If one wanted to make a case to sell some stocks and raise cash, a look at the global economy would go a long way in helping.
"While we should be careful not to exaggerate the recent deterioration in global economic data - particularly as it follows synchronized, above-trend growth in 2017 - it is clear that there are now scattered signs of weakness," points out TS Lombard strategist Dario Perkins. "While macroeconomic data have proved more resilient at the global level, the outlook has also deteriorated compared to what investors expected at the start of the year."
Perkins cites several areas of concern:
- Eurozone data that has missed consensus forecasts by the widest margin since the global financial crisis. Perkins calls EU macro data in 2017 "implausibly high", so a slowdown was inevitable.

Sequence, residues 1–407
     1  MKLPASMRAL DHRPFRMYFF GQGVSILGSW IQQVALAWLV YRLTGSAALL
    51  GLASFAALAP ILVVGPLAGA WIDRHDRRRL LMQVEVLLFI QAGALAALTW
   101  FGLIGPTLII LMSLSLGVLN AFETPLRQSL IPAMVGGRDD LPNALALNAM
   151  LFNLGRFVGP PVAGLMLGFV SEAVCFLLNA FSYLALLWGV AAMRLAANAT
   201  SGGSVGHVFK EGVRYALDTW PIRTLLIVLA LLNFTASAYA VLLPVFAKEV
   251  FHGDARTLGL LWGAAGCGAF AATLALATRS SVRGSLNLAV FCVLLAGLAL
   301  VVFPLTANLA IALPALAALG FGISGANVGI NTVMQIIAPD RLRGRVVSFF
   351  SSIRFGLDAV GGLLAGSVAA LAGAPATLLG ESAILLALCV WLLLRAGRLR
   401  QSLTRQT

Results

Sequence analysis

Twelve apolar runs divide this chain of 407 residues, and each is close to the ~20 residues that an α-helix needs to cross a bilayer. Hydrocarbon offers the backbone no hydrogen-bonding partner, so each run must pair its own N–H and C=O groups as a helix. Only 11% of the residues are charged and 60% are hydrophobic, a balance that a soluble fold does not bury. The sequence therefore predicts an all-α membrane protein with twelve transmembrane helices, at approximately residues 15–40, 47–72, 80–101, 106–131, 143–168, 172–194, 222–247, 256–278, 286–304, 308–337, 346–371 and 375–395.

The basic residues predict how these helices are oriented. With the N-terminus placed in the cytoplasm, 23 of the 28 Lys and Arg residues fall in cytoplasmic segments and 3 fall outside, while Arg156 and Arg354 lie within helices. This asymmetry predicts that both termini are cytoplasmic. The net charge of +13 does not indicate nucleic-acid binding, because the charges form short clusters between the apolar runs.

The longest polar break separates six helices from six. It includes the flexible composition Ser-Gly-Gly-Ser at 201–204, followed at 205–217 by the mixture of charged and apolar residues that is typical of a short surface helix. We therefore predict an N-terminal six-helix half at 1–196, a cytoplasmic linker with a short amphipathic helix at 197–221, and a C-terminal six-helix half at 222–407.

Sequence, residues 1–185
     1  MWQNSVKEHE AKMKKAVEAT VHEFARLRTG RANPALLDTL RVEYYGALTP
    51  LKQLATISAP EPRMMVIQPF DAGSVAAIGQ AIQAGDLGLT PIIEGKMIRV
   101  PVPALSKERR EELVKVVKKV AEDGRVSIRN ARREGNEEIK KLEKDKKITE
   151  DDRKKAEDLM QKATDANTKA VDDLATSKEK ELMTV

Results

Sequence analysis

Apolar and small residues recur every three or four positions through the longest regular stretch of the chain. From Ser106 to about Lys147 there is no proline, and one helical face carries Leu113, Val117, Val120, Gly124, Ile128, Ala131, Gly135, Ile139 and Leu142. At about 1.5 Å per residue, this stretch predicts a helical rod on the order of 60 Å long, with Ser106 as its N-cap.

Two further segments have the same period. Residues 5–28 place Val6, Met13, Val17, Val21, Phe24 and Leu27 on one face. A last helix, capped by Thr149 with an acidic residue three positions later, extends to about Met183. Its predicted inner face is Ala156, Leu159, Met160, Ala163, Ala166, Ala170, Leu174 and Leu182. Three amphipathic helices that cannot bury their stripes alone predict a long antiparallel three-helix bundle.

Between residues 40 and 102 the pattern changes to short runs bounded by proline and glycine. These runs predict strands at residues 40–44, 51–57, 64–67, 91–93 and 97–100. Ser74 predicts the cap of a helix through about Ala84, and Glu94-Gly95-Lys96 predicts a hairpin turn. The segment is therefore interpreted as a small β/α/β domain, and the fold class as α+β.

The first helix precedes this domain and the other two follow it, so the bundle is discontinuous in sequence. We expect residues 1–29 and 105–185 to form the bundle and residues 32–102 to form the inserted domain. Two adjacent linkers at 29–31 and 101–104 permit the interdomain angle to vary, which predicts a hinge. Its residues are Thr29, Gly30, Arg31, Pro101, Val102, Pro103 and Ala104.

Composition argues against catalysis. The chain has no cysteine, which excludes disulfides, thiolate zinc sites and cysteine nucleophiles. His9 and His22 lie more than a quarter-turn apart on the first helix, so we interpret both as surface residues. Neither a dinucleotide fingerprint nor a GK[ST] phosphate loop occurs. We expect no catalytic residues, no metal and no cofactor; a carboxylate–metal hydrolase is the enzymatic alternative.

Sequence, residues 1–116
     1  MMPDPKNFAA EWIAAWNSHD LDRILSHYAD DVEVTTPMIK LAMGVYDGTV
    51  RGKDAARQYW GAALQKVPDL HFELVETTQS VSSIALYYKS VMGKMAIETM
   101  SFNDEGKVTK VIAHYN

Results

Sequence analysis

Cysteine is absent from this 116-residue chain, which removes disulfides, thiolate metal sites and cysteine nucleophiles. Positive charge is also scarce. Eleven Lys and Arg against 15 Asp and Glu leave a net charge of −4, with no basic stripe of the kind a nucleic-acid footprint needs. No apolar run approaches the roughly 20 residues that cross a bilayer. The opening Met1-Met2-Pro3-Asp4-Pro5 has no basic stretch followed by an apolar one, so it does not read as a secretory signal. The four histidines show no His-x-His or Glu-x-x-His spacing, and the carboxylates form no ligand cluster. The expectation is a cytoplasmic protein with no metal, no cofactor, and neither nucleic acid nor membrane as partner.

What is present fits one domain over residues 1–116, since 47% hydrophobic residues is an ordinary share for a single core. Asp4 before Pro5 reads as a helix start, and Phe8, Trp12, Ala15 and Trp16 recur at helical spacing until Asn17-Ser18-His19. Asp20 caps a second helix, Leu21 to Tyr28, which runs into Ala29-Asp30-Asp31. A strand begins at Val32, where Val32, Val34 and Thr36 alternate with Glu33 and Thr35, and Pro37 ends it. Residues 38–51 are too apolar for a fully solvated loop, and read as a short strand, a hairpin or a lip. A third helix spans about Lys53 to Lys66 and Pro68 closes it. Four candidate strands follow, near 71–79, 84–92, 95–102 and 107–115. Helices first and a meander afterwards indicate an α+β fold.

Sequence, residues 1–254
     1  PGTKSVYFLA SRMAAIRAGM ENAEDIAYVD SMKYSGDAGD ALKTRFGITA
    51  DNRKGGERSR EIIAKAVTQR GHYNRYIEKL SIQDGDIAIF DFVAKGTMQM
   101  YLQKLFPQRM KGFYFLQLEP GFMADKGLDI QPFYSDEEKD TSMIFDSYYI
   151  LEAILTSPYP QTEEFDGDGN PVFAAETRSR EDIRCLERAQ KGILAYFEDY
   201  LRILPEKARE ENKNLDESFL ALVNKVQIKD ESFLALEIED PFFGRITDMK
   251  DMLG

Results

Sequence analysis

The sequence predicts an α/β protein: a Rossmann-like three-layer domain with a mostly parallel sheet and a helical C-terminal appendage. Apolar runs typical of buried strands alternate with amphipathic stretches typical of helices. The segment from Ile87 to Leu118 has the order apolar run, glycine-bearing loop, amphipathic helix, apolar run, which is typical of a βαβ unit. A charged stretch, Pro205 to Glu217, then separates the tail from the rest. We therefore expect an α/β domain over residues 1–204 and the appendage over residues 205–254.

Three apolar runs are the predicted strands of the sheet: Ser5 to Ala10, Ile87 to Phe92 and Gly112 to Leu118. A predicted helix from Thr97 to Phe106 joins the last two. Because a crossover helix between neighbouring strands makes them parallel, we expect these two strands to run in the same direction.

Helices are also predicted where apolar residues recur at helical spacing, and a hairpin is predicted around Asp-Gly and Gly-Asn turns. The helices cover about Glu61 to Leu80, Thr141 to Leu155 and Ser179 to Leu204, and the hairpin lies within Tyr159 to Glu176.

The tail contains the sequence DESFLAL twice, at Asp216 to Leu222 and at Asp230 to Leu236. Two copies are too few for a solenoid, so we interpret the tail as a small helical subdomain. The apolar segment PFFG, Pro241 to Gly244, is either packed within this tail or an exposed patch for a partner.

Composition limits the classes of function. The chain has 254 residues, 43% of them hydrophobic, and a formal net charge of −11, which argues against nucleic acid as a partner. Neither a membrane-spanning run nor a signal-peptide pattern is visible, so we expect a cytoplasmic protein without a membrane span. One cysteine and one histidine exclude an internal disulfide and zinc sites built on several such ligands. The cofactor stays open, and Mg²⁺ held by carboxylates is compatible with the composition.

- The OECD's leading indicators have dipped.
- Global industrial orders and trade data have softened, notably among Asian supply chains.
- Emerging markets more broadly have slowed, in part thanks to the stronger U.S. dollar.
With global growth slowing, investors could still be paying too much to own stocks. The S&P 500's I:GSPC price-to-earnings multiple is 6% above of its long-term average, according to Bank of America Merrill Lynch.
"Valuations remain elevated vs. history on most metrics (with the exception of P/E to Growth and Price to Free Cash Flow), but equities continue to look attractive vs. bonds," says BofA strategist Savita Subramanian.
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